 Recreation participation

Purpose of TR

Is to facilitate the development, maintenance,
and expression of an appropriate leisure
lifestyle

p. 33
Leisure Lifestyle

Is the day-to-day behavioral expression of
one’s leisure-related attitudes, awareness,
and activities revealed in the context and
composite of the total life experience

p. 14
Leisure Lifestyle (cont.)

Implies that an individual has sufficient skills,
knowledge, attitudes, and abilities to
participate successfully in and be satisfied
with leisure and recreation experiences that
are incorporated into his or her individual life
pattern. (Peterson & Stumbo, 2000, p. 7)
Leisure Lifestyle as an
Outcome Means Client …





Has reduced functional limitations that
prohibit leisure involvement (or has learned
how to overcome these barriers)
Understands and values the importance of
leisure
Incorporates leisure into daily life
Is competent in a variety of leisure activities
Has adequate social skills for involvement
with others
Leisure Lifestyle as an
Outcome Means Client …



Is able to choose between several leisure
options and make decisions for leisure
participation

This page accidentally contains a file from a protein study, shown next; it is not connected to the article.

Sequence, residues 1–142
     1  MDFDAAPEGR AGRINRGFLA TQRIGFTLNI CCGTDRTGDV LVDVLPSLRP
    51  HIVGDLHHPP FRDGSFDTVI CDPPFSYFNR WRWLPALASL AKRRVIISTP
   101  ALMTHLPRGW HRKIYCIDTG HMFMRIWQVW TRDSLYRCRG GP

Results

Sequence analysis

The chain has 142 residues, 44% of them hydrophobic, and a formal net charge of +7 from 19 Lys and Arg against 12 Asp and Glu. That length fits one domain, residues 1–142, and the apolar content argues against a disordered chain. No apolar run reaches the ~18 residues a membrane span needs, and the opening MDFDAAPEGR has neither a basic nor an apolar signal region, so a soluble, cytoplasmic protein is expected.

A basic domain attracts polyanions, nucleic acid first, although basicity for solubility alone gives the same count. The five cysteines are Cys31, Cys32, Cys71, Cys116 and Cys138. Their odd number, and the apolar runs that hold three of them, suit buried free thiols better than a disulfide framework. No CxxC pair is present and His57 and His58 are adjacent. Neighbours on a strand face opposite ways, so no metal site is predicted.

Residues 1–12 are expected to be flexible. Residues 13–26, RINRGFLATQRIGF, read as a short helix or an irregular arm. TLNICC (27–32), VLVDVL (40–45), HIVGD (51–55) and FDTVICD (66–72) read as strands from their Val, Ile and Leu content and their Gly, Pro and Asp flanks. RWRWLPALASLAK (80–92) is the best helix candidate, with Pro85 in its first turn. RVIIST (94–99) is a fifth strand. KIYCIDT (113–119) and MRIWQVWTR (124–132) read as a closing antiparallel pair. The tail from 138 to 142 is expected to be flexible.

Is able to locate and use leisure resources
Has increased perceptions of choice,
responsibility, and independence with regard
to leisure

p. 70
In other words….



TR is helping individuals with disabilities
and/or illnesses develop and more freely
express their leisure choices
AND
The outcome of TR services is the improved
ability of the individual to make and act on
choices for leisure that are rewarding and
successful
Psycho-Social Theories of
Leisure Behavior




Perceived freedom & personal choice
Intrinsic motivation
Self-efficacy, locus of control, & causal
attribution
Optimal experiences (flow)
Leisure Ability Model

3 major categories of service




Functional Intervention
Leisure Education
Recreation Participation
See p. 34
Functional Intervention



Focus is on improving functional behaviors
which are prerequisites to, or necessary part
of, leisure involvement
Baseline abilities that are prerequisite to
typical leisure behavior
4 domains




Physical
Mental/cognitive